Agenda item


The Development Manager to give a verbal update on Land West of Lytton Way Appeal (Former Icon).


The Development Manager provided the Committee with a verbal update on the Land West of Lytton Way and advised that the developer had lodged an appeal.


Following a period of questions and answers, it was RESOLVED that the update be noted.


The Chair invited the Development Manager to provide the Committee with an update on the Land West of Lytton Way.


The Development Manager reminded the Committee that there had previously been an application for the former Icon site, proposing the conversion of undercroft parking areas into 16 additional flats. The case officer had presented this proposal to the Committee, which subsequently resolved to refuse planning permission primarily due to concerns about the loss of parking. The loss of parking spaces in the undercroft areas was seen as likely to exacerbate existing on-street parking issues in the surrounding area. Discussions with the Chair and Members led to a more precise definition of the affected streets and the reasons for refusal, which was communicated to the developer.


The Development Manager informed the committee that the developer had formally appealed this decision to the Planning Inspectorate of the Secretary of State. The Council received notification that the appeal was valid, although no start date for the appeal process had been confirmed. The expectation was that the appeal would proceed via written representations. The inspector would then review all evidence and conduct a site visit before making a decision which would likely not involve a public hearing or inquiry, unlike the previous case with this site.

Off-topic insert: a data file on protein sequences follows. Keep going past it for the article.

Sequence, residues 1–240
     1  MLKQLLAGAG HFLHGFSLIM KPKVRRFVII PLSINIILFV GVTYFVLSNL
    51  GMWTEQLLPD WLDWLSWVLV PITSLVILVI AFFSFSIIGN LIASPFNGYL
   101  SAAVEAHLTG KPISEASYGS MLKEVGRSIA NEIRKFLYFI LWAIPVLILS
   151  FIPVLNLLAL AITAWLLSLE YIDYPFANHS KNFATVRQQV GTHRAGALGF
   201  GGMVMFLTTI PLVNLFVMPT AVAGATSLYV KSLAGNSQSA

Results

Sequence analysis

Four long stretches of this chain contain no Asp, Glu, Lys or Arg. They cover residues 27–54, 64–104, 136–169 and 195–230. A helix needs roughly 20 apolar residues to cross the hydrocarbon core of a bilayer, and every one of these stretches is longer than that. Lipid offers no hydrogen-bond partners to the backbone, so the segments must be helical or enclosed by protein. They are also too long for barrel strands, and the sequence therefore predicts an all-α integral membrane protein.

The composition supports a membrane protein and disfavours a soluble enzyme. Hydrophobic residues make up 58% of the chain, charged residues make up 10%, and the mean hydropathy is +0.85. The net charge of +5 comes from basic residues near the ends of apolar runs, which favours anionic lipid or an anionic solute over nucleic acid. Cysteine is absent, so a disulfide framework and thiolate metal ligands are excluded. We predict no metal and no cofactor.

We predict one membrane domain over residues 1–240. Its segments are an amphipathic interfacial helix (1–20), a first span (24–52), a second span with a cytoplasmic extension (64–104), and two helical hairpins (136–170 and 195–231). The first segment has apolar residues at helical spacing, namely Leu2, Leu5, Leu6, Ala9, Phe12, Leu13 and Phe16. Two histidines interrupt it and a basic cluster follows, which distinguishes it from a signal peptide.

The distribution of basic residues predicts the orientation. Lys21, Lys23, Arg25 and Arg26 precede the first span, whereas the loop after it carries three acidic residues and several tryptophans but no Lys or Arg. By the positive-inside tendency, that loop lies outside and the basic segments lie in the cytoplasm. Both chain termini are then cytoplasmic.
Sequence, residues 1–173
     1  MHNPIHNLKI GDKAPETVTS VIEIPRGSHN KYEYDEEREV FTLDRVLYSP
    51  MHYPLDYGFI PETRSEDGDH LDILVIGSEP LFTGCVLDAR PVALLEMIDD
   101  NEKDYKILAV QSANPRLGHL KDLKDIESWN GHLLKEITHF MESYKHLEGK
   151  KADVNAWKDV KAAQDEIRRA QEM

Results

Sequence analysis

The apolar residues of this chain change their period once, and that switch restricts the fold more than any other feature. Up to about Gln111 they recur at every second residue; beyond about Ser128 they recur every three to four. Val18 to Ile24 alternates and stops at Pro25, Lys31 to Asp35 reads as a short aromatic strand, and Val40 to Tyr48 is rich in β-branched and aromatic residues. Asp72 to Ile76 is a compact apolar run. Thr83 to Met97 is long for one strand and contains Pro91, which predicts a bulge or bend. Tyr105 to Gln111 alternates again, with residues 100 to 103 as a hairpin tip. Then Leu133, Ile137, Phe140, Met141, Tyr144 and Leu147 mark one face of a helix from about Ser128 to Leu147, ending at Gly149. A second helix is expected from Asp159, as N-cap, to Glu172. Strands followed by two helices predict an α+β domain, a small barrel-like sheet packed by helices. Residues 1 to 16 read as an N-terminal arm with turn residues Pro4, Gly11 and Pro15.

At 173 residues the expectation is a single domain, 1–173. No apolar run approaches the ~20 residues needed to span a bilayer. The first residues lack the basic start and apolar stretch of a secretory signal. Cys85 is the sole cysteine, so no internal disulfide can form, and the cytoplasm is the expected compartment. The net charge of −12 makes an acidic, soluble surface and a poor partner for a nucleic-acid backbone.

The Development Manager estimated that the appeal process could take a minimum of a year, given current backlogs and potential delays due to the upcoming general election. He assured the committee that updates would be provided as more information became available from the Planning Inspectorate.


A Member asked a question relating to the impact of the appeal on any ongoing or planned work on the site. The Development Manager confirmed that the appeal would not affect the original permission, which the developer could still implement. However, the permission for the ground floor flats could not be implemented until the appeal decision was made. He added that it was unlikely that the developer would proceed with any fit-out work on the ground floor until the appeal was resolved, due to the risk of enforcement action and the uncertainty of the inspector’s decision. If the appeal was dismissed, the developer would revert to the original permission. If the appeal was allowed, the council would have to abide by the inspector's decision.


The Chair thanked the Development Manager for his update.


It was RESOLVED that the update on the Land West of Lytton Way be noted.








Update from Development Manager on Housing Delivery Target


At this juncture, the Development Manager acknowledged the significance of the Planning Policy Manager’s update regarding the local plan, which had reached its five-year mark. He explained the implications of this milestone and emphasised the importance of keeping local plans up to date as mandated by the National Planning Policy Framework (NPPF). According to the NPPF, local plan policies should be reviewed every five years to ensure they remained relevant and effectively addressed community needs, as stipulated under Regulation 10A of the Town and Country Planning (Local Planning) (England) Regulations 2012, as amended.